Your Pediatrician – Your pediatrician tells you it is time for you to sleep train your baby and recommends a book along with the prescription that by your next visit she wants to see your little one sleeping through the night.

How you might respond? Remember, unless you are suffering from a Postpartum Mood Disorder or another medical condition, the only valid reason to sleep train your baby is because it is what you (and your partner if you have one) have decided is the right course for your family at this time. Pediatricians and other professionals may have their own bias. Try and stay grounded in what you know to be right for you. There are 1001 opinions regarding “the right thing to do” but you are the only one who can know what the right thing is for you and your family.

Sleeping is one of the most controversial and stressful topics for new parents. In early parenthood sleep is one of those topics where people have very strong and varied opinions about what the right thing to do looks like.

If you are feeling pushed in a direction that does not feel right to you it is important to speak up. Share with your pediatrician, or whoever is pushing you, that you are not there yet, or that this is not consistent with your belief system. While with a relative you can’t exactly switch grandma’s if the one you have isn’t respecting your choices, with a pediatrician, or other care practitioners, you can. If a conversation about your views is not adequately incorporated into your practitioners approach, this might mean it is time to look for someone who is more open minded, and/or whose views are more consistent with your own. (This topic could certainly go either way with the care professional pushing either a cry-it-out, or a baby-led approach. Pushing either is a bias that doesn’t take into consideration individual differences and preferences.)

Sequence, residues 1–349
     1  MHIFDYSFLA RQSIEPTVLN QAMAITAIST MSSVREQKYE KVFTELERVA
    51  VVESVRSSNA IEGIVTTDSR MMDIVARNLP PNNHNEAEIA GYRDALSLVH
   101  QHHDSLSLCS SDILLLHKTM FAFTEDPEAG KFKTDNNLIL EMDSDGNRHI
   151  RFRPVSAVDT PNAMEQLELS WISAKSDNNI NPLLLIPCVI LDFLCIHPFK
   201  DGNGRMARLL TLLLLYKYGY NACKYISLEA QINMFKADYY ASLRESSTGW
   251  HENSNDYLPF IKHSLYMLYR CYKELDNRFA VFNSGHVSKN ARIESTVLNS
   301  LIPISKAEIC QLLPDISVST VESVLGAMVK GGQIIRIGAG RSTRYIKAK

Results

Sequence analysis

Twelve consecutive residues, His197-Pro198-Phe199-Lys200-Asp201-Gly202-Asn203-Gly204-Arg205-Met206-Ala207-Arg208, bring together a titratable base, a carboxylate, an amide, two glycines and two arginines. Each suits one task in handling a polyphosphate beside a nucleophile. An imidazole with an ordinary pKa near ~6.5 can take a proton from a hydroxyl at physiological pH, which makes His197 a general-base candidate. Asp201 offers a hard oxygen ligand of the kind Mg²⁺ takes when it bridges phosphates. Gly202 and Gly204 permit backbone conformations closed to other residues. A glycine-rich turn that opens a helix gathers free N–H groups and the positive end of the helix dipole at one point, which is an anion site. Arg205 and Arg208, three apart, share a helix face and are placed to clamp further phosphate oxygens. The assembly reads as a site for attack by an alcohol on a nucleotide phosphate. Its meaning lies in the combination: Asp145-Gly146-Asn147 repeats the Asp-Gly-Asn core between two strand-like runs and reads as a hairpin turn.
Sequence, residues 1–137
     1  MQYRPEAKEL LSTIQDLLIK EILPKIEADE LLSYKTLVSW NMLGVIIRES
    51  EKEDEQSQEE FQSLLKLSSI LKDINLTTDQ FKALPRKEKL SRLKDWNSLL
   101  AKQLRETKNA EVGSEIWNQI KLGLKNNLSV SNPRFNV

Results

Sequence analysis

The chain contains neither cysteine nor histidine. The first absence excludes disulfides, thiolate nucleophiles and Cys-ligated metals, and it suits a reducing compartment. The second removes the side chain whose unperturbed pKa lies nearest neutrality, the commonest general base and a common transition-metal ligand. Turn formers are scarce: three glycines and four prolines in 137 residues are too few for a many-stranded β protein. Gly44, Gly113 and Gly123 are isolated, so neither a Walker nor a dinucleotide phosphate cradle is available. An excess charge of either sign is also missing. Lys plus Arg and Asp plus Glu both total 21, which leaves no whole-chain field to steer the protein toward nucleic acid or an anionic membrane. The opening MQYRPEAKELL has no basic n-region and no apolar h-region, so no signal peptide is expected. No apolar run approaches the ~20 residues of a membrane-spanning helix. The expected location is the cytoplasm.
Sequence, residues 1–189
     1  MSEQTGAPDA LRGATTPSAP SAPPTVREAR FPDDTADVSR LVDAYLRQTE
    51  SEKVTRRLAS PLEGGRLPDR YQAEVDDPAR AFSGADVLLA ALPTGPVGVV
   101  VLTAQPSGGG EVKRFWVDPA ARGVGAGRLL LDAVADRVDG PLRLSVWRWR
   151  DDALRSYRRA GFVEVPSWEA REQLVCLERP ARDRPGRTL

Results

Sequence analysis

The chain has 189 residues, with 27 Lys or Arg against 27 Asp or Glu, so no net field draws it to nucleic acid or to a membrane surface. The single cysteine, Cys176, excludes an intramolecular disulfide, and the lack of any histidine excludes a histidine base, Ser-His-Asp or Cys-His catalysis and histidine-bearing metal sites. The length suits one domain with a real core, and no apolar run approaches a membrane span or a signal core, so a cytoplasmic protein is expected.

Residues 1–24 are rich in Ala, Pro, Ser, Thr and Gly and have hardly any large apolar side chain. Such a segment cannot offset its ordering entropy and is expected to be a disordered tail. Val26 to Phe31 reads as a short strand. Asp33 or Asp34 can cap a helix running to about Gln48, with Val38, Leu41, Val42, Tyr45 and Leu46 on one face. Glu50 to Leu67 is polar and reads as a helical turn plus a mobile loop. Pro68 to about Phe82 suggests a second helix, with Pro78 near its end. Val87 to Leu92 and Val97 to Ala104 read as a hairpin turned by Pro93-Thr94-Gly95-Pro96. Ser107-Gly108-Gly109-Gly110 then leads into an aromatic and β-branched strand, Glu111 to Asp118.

Your Cat – Your beloved Kitty Seymour gives you a stern glare which you know only to well to mean, “You’ve changed from your easy going self to this tense hurried stranger. Lighten up lady and give me some attention for a change.”

Seymour may have a point. Unsolicited advice is not always welcome, but every once in awhile there is some wisdom lurking beneath its irritating surface. Whenever you can, take a moment to consider without judgment is there anything to be gained from these suggestions. Would taking a moment out from your hurried baby-focused frenzy to luxuriate in Seymour’s furriness be such a bad idea? While we may not have time for the things that use to give us pleasure, our Kitty, our partner, taking a bath, we might also forget that it is O.K. to take a moment here and there to pause and not be “doing” something.

So next time your kitty, or your metaphorical kitty, gives you such a look, pause to see if there is wisdom in this advice before you simply shrug it off. If there is, take in the wisdom. If not, try and stay spacious and let the advice pass through without throwing you off kilter.

You can see more from Gina Hassan here.

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  1. Really useful article. My daughter is 18 now, but I remember now the terrible pressures, and it doesn’t end! It’s always been great to hear the views and expereinces of other mothers. Loved the comment about Seymour the cat!